And if the collective pension plans served as an economic lever!
December 18, 2013
Retirement figures amongst the important issues of this decade. It was so that the topic was put on the agenda of priorities of the various levels of governments. Furthermore, mayors made it an electoral issue last fall.
On December 18, the Minister of Labour and Social Solidarity presented an action plan aimed at restructuring the defined benefits pension plans for the municipal, university and private sector. To do this, different measures will be set up and among them three proposed legislations are foreseen. Pressured by the mayors, the Minister of Labour may even table a first draft of a law as soon as parliament returns in February 2014.
Moreover, a meeting of the federal/provincial/territories ministers of finance was held on December 15 and 16 in Outaouais to discuss pension plans. It was no surprise that the Minister of Finance for the Harper government objected to the admissibility of the consensus of the provinces to improve the Canada Pension Plan (CPP) and its counterpart, the Quebec Pension Plan (QPP). This then produced an echo with the Conseil du patronat and the Canadian Federation of Independent Business (CFIB) in particular, who had rejected an increase in employer contributions, under the pretext that an increase in dues would kill jobs. Remember that the federal government, in its 2012 budget, announced a progressive increase in the retirement age, from age 65 to age 67, to receive the Old Age Security Pension (OAS), the only universal pension plan in Canada.
In the summer of 2013, the employer group also rejected the idea of a longevity annuity, funded equally by the employers and the employees and payable as of age 75. The D’Amours Committee proposed it in their report tabled in the spring. Its main argument was that an increase in life expectancy should not leave the elderly in a position where they are unable to pay for their needs, particularly for their care. The employer side were opposed to this fearing that the contributions would kill jobs. On its side, the Commission des finances publiques that studied the D’Amours Report put the idea aside for the time being. However, it is very obvious that such an annuity is a transfer of wealth from the poorest social groups (both genders combined), who on the whole die at a younger age, towards the more wealthy who also have the chance of living longer.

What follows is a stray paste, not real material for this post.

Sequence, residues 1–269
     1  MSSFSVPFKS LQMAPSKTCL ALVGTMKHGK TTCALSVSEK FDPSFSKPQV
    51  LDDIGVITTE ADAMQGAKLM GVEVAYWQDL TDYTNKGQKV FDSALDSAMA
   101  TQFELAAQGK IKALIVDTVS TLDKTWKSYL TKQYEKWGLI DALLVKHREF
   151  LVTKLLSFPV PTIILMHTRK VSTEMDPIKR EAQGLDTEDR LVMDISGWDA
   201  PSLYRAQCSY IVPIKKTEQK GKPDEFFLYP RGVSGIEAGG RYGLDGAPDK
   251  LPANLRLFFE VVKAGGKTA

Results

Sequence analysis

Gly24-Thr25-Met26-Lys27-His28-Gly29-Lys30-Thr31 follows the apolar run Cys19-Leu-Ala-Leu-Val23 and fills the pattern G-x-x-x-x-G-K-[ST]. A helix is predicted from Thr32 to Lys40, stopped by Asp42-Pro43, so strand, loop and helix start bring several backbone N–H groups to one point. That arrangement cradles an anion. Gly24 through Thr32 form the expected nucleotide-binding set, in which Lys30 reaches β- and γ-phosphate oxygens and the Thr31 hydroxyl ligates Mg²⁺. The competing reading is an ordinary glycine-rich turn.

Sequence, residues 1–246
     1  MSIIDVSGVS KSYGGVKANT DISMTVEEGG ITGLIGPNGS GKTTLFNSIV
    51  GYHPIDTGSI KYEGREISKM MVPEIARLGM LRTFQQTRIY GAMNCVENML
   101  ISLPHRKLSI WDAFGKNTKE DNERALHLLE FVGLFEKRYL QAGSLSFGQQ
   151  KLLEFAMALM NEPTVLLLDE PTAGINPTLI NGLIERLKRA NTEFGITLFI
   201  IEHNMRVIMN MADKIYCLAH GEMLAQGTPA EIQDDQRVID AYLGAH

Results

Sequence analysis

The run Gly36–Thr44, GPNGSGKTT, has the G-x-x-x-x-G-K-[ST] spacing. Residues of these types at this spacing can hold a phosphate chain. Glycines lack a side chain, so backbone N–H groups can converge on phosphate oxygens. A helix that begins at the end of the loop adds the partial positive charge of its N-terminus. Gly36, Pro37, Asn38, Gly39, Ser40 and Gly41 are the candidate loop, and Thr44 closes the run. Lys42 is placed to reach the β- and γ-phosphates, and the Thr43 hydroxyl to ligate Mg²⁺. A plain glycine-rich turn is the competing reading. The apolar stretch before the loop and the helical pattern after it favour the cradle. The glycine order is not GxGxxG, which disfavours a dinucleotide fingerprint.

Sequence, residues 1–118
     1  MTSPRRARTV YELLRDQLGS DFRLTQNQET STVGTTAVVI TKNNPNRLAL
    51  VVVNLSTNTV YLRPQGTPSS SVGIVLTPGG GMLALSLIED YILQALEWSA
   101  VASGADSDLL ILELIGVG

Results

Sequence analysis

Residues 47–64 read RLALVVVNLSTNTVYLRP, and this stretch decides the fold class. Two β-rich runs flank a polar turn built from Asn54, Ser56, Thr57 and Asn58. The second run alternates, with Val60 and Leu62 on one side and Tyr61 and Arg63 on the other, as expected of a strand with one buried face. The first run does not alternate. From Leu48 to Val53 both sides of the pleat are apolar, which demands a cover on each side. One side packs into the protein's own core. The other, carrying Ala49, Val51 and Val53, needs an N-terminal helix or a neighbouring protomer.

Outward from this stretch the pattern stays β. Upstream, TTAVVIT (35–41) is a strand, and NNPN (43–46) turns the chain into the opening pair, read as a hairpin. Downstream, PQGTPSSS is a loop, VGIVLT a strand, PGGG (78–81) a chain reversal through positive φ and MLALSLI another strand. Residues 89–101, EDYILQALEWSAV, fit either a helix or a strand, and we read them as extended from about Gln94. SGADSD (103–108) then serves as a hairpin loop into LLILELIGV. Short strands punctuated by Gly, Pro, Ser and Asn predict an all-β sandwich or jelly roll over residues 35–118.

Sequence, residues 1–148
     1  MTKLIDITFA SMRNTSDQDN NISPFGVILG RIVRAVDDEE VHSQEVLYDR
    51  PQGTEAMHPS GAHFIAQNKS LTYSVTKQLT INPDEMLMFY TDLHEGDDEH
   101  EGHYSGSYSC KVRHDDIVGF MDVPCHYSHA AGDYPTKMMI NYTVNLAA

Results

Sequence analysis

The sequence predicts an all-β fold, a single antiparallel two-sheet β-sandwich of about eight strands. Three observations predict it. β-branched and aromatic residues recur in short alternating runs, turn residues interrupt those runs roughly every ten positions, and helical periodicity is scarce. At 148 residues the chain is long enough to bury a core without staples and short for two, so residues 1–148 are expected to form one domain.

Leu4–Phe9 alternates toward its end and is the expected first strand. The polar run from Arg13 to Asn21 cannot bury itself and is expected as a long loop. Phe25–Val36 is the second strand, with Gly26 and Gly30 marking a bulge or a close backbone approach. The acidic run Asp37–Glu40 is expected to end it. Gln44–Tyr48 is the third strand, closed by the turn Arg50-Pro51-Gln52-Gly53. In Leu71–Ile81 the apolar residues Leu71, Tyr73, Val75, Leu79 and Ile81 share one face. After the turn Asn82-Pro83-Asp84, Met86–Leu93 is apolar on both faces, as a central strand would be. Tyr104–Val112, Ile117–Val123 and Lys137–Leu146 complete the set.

In the meantime, the Government of Québec has chosen to focus on the Voluntary Retirement Savings Plans (VRSP) that will enable thousands of workers to save for their retirement, if they do not withdraw it of course. The beauty of the project comes from the fact that the employers will have no obligation to contribute to them. This law therefore, puts the burden of retirement only on the shoulders of the workers.
Improving the public pension plans like the Quebec Pension Plan (QPP) or the Canada Pension Plan (CPP) is a better option for assuring a decent retirement than to opt for personal savings or to gamble on a longevity annuity. The latter options only transfer the burden of retirement on to the shoulders of the workers and in the end contribute to enriching the financial institutions which manage these types of programmes. In other words, what the advocates of this option forget to take into account is that if the retirees become so poor as to no longer be able to contribute to keeping the economy going that would inevitably have a negative impact on the continued employment of the younger generations. We must avoid playing one generation against another.